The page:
To weary thee with labour and mingle wrong with wrong.
Yea, and I wot that the daylight thine eyes had never seen
Save for a great king's murder and the shame of a mighty queen.
But let thy soul, I charge thee, o'er all these things prevail
To make thy short day glorious and leave a goodly tale."
SHE kissed him and departed, and unto Sigmund went
As now against the dawning grey grew the winter bent;
As the night and the morning mingled he saw her face once more,
And he deemed it fair and ruddy as in the days of yore;
Yet fast the tears fell from her, and the sobs upheaved her breast:
And she said: "My youth was happy; but this hour belike is best
Of all the days of my life-tide, that soon shall have an end.
I have come to greet thee, Sigmund, then back again must I wend,

For his bed the Goth-king dighteth: I have lain therein, time was,
And loathed the sleep I won there: but lo, how all things pass,
And hearts are changed and softened, for lovely now it seems.
Yet fear not my forgetting: I shall see thee in my dreams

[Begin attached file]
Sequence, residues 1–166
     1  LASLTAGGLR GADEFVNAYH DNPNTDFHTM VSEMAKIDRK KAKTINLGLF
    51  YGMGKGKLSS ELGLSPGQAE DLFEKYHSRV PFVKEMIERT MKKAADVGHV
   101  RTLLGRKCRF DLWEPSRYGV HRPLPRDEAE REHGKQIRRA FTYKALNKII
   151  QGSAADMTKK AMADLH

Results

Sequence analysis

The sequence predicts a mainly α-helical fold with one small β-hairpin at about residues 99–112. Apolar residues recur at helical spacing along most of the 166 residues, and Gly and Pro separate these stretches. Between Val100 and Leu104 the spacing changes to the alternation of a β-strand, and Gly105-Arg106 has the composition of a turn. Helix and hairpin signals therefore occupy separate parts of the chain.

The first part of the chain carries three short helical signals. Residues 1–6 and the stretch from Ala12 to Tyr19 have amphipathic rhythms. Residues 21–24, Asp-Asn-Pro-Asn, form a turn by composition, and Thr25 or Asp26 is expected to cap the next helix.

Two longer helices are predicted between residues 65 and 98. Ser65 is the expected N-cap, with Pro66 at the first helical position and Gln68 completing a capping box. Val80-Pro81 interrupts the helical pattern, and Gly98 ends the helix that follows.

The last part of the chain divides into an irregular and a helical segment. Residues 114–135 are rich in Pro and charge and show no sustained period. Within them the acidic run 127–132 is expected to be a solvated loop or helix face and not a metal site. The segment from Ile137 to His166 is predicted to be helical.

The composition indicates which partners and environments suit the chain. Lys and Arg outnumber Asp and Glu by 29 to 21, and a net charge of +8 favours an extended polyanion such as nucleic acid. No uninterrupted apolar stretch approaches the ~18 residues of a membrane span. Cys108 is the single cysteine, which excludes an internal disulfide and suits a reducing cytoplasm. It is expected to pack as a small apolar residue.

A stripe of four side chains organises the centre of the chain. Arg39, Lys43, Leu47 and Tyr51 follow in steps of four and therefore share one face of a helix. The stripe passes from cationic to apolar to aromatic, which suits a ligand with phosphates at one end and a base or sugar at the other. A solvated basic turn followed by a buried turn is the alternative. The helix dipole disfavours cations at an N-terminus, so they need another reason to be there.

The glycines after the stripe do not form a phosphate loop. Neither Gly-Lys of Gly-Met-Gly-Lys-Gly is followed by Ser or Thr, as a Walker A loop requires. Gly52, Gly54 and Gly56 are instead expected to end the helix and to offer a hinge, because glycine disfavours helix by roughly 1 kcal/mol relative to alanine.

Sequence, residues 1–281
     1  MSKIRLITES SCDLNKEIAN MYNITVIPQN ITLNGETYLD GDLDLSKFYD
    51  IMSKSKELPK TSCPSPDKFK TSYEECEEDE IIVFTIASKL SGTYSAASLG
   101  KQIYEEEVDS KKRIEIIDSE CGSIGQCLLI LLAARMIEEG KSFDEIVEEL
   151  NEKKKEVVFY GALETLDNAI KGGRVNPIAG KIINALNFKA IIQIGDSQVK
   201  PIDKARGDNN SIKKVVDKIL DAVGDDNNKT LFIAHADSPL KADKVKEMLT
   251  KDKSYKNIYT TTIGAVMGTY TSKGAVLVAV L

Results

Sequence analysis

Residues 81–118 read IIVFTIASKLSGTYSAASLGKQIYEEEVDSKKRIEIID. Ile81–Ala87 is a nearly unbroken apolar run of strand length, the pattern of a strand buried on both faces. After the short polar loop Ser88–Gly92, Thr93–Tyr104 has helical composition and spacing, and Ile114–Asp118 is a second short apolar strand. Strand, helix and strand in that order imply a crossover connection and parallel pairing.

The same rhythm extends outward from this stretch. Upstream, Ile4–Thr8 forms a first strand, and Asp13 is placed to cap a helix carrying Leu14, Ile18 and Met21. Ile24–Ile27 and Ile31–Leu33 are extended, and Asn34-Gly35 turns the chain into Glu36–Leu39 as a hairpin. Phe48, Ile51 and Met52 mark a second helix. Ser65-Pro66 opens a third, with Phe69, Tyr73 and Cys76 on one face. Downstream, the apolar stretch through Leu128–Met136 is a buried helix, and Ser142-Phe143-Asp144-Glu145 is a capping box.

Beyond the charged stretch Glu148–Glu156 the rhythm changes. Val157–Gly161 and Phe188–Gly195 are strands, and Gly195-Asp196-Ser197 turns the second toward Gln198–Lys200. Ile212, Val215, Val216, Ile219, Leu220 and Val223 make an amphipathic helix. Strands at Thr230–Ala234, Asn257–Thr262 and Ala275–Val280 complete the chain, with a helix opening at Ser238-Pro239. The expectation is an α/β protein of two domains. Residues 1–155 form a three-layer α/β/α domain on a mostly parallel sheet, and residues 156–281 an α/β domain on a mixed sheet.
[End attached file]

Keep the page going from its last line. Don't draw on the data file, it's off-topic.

A mighty king of the world 'neath the boughs of the Branstock green,
With thine earls and thy lords about thee as the Volsung fashion hath been:
And there shall all ye remember how I loved the Volsung name,
Nor spared to spend for its blooming my joy, and my life, and my fame.
For hear thou: that Sinfiotli, who hath wrought out our desire,
Who hath compassed about King Siggeir with this sea of a deadly fire,
Who brake thy grave asunder, my child and thine he is,
Begot in that house of the Dwarf-kind for no other end than this;
The son of Volsung's daughter, the son of Volsung's son.
Look, look! might another helper this deed with thee have done?"
AND indeed as the word she uttereth, high up the red flames flare
To the nether floor of the heavens: and yet men see them there,
The golden roofs of Siggeir, the hall of the silver door
That the Goths and the Gods had builded to last for evermore.
SHE said: "Farewell, my brother, for the earls my candles light,
And I must wend me bedward lest I lose the flower of night."
And soft and sweet she kissed him, ere she turned about again,
And a little while was Signy beheld of the eyes of men;
And as she crossed the threshold day brightened at her back,
Nor once did she turn her earthward from the reek and the whirling wrack,
But fair in the fashion of Queens passed on to the heart of the hall.
AND then King Siggeir's roof-tree upheaved for its utmost fall,
And its huge walls clashed together, and its mean and lowly things
The fire of death confounded with the tokens of the kings.
A sign for many people on the land of the Goths it lay,
A lamp of the earth none needed, for the bright sun brought the day.